let params = await algodclient.getTransactionParams();
    console.log("here" + params);
    let endRound = params.lastRound + parseInt(1000);
    let fee = await algodclient.suggestedFee();

    // create LogicSig object and sign with our secret key
    // let program = Uint8Array.from([1, 32, 1, 0, 34]);  
    // For int 1 use ASABICI=
    // int 0 => never transfer money use ASABACI=
    let program = new Uint8Array(Buffer.from("ASABICI=", "base64"));
    // makeLogicSig method takes the program and parameters
    // in this example we have no parameters
    // If we did have parameters you would add them like
    // let args = [
    //    Uint8Array.from("123"),
    //    Uint8Array.from("456")
    // ];
    // And remember TEAL parameters are order specfic
    console.log("program " + program);
    let lsig = algosdk.makeLogicSig(program);
    // sign the logic with your accounts secret
    // key. This is essentially giving your
    // key authority to anyone with the lsig
    // and if the logic returns true
    // exercise extreme care
    // If this were a escrow account usage
    // you would not do this sign operation

    // At this point you can save the lsig off and share
    // as your delegated signature.
    // The LogicSig class supports serialization and
    // provides the lsig.toByte and fromByte methods
    // to easily convert for file saving and 
    // reconstituting and LogicSig object

    //create a transaction
    let txn = {
        "from": recoveredAccount.addr,
        "fee": params.fee,
        "amount": 200000,
        "firstRound": params.lastRound,
        "lastRound": endRound,
        "genesisID": params.genesisID,
        "genesisHash": params.genesishashb64

    // create logic signed transaction.
    // Had this been an escrow the lsig would not contain the
    // signature but would be submitted the same way
    let rawSignedTxn = algosdk.signLogicSigTransaction(txn, lsig);

    //Submit the lsig signed transaction
    let tx = (await algodclient.sendRawTransaction(rawSignedTxn.blob));
    console.log("Transaction : " + tx.txId);

})().catch(e => {

Now the debugging can start.
Select your new launch configuration form the list.

Select the desired configuration

Figure 4-4 Select the desired configuration.

Before pressing the run button, place a breakpoint in the code.

To set a breakpoint, simply click on the left margin, sometimes referred to as the gutter, on the line to break.

Select the desired configuration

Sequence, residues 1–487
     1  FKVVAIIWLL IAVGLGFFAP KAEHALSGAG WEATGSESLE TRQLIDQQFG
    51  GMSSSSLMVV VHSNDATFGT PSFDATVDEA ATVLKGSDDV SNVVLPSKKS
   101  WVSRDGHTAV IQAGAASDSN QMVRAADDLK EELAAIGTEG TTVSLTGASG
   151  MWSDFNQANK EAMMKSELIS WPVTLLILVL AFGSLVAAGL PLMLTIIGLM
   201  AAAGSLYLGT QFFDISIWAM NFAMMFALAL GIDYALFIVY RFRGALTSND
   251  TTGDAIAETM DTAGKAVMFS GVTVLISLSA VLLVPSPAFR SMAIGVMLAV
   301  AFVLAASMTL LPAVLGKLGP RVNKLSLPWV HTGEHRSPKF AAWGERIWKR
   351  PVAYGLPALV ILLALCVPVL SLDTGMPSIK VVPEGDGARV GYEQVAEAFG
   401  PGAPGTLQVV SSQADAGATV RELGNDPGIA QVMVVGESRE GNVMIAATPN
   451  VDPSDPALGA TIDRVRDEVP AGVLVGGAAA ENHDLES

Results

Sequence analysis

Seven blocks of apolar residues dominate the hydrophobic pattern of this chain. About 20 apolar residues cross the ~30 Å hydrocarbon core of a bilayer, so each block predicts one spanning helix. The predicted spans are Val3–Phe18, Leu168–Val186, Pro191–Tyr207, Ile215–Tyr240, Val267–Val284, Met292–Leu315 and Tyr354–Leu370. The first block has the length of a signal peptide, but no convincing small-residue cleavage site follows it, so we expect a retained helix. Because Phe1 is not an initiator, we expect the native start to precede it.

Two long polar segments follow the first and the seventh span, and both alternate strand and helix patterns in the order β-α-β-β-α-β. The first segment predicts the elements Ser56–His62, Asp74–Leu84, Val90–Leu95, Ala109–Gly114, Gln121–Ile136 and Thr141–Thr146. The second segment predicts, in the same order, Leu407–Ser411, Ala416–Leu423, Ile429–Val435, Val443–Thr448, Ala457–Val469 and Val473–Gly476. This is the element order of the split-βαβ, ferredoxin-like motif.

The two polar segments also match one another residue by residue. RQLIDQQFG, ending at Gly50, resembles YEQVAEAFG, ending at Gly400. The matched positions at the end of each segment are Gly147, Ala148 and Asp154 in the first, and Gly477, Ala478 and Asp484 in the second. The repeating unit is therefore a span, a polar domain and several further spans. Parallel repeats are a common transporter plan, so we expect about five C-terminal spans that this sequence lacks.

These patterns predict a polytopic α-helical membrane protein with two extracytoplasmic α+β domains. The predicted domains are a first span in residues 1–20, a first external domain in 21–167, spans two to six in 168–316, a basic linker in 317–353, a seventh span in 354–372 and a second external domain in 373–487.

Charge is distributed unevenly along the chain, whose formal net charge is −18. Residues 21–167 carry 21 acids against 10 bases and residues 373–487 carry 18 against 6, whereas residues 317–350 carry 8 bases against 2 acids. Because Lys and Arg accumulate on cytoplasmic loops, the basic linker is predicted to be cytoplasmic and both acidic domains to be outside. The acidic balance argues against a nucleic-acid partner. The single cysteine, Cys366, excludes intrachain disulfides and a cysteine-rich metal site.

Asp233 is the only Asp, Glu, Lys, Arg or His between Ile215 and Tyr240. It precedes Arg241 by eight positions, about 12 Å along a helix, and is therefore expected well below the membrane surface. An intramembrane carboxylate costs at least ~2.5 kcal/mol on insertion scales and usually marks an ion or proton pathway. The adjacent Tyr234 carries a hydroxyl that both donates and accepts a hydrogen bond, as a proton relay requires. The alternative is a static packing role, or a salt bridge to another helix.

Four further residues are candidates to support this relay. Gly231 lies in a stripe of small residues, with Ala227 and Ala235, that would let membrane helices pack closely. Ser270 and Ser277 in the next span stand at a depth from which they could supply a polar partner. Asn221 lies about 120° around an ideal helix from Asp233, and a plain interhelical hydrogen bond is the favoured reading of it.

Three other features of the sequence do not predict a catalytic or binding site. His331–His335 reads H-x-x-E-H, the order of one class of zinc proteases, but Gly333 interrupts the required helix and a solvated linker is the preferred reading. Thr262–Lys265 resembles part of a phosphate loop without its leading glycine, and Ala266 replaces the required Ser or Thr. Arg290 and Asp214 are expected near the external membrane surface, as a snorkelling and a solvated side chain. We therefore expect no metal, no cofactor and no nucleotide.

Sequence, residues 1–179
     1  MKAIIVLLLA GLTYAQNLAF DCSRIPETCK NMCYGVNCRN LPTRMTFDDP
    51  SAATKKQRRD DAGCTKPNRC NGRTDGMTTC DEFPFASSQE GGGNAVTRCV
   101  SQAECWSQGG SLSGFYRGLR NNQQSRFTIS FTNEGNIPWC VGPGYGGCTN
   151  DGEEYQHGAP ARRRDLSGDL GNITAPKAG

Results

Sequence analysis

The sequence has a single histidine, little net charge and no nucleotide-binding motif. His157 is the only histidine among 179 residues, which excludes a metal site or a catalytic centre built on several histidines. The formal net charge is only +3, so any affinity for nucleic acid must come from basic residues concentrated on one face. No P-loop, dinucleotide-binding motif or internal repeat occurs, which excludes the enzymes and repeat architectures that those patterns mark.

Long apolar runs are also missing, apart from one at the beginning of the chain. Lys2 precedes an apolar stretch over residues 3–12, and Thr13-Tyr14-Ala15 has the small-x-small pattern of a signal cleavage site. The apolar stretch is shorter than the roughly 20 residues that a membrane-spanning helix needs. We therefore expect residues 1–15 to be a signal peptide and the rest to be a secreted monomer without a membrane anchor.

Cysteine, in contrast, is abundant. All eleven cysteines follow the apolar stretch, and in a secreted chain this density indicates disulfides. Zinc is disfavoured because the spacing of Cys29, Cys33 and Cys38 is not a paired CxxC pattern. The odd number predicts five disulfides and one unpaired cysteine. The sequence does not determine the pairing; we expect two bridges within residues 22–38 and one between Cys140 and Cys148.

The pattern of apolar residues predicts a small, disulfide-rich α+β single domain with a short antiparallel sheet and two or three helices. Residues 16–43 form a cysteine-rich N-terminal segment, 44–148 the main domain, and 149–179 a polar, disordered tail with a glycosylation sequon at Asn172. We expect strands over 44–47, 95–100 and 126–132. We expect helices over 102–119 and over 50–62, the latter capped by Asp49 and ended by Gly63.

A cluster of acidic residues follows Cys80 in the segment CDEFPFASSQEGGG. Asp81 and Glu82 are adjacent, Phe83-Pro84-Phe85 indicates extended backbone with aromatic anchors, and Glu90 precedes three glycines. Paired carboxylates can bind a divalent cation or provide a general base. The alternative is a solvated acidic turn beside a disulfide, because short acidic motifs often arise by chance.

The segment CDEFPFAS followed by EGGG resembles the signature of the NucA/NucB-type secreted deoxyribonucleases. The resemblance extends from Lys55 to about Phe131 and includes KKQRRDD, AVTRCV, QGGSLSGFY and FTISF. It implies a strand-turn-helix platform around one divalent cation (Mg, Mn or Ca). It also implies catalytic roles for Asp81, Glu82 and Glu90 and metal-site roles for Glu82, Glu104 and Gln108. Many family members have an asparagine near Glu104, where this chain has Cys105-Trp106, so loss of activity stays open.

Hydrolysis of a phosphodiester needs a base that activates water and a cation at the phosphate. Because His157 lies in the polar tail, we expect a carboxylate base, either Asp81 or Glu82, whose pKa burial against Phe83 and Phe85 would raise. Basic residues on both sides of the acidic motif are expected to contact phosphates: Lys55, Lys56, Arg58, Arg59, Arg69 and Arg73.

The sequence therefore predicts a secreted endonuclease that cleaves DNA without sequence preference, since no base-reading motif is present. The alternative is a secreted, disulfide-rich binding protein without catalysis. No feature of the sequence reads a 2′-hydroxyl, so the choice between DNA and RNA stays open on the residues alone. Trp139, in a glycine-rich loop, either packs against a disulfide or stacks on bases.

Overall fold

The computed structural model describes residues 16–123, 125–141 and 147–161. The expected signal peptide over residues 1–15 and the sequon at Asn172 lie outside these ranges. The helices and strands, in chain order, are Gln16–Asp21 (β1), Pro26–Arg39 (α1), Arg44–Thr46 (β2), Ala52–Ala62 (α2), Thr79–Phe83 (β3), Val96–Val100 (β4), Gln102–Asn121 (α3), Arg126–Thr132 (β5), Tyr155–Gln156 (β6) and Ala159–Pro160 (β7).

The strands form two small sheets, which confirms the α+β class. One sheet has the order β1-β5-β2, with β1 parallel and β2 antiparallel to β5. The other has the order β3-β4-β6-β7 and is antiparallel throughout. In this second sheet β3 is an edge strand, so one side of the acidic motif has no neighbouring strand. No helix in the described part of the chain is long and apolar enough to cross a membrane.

Figure 4-5 Set breakpoint.

Select the run icon in the debugger pane.

Start Run and Debug

Figure 4-6 Start Run and Debug.

Your breakpoint should be hit, and the program execution paused on the line of your breakpoint. It is highlighted.


Figure 4-7 Debugging.

We are now debugging! See Figure 4-7 above.

A) Breakpoint

B) Hover over a variable with the cursor

C) See the Data Tip with the contents

D) Navigate by selecting run (to next breakpoint), step over, step into, step out of or stop

Task 4-2 Debug JavaScript from Chrome

Use this task to setup debugging in a JavaScript file referenced in HTML similar to this:

   <script src="test.js"></script>

A JavaScript Webapp sample can be found here to test with:

Install the VS Code Extension for Debugger for Chrome . VS Code also has Extensions for other browsers.


Figure 4-8 Add a Chrome debugger extension.

Note: The extension operates in two modes - it can launch an instance of Chrome navigated to your app, or it can attach to a running instance of Chrome. Using the URL parameter you simply tell VS Code which URL to either open or launch in Chrome.

Create another debug configuration. This time select the Chrome: Launch option from the list.

Add configuration for Chrome: Launch

Figure 4-9 Add configuration for Chrome: Launch.

Modify the name

Figure 4-10 Modify the name to clarify of desired and URL to include the page.

From Terminal, start your localhost in the folder where you are debugging locally.

Set a breakpoint in the JavaScript code. Hit the run icon or press F5 to Launch Chrome.

Launch Chrome

Figure 4-11 Launch Chrome

You should see your page open. When you hit a breakpoint you should see the same options to debug as listed in Figure 4-6: